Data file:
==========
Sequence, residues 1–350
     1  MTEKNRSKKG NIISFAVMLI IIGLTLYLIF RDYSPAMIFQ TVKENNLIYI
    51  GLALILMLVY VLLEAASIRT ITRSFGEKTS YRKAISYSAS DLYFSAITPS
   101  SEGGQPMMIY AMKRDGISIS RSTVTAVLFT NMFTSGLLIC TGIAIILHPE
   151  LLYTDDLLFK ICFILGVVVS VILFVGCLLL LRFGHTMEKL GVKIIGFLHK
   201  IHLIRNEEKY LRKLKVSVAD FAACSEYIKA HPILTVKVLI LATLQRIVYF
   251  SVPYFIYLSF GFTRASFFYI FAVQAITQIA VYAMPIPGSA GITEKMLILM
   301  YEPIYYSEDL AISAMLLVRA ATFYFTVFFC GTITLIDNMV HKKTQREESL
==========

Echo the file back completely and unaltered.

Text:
Sequence, residues 1–350
     1  MTEKNRSKKG NIISFAVMLI IIGLTLYLIF RDYSPAMIFQ TVKENNLIYI
    51  GLALILMLVY VLLEAASIRT ITRSFGEKTS YRKAISYSAS DLYFSAITPS
   101  SEGGQPMMIY AMKRDGISIS RSTVTAVLFT NMFTSGLLIC TGIAIILHPE
   151  LLYTDDLLFK ICFILGVVVS VILFVGCLLL LRFGHTMEKL GVKIIGFLHK
   201  IHLIRNEEKY LRKLKVSVAD FAACSEYIKA HPILTVKVLI LATLQRIVYF
   251  SVPYFIYLSF GFTRASFFYI FAVQAITQIA VYAMPIPGSA GITEKMLILM
   301  YEPIYYSEDL AISAMLLVRA ATFYFTVFFC GTITLIDNMV HKKTQREESL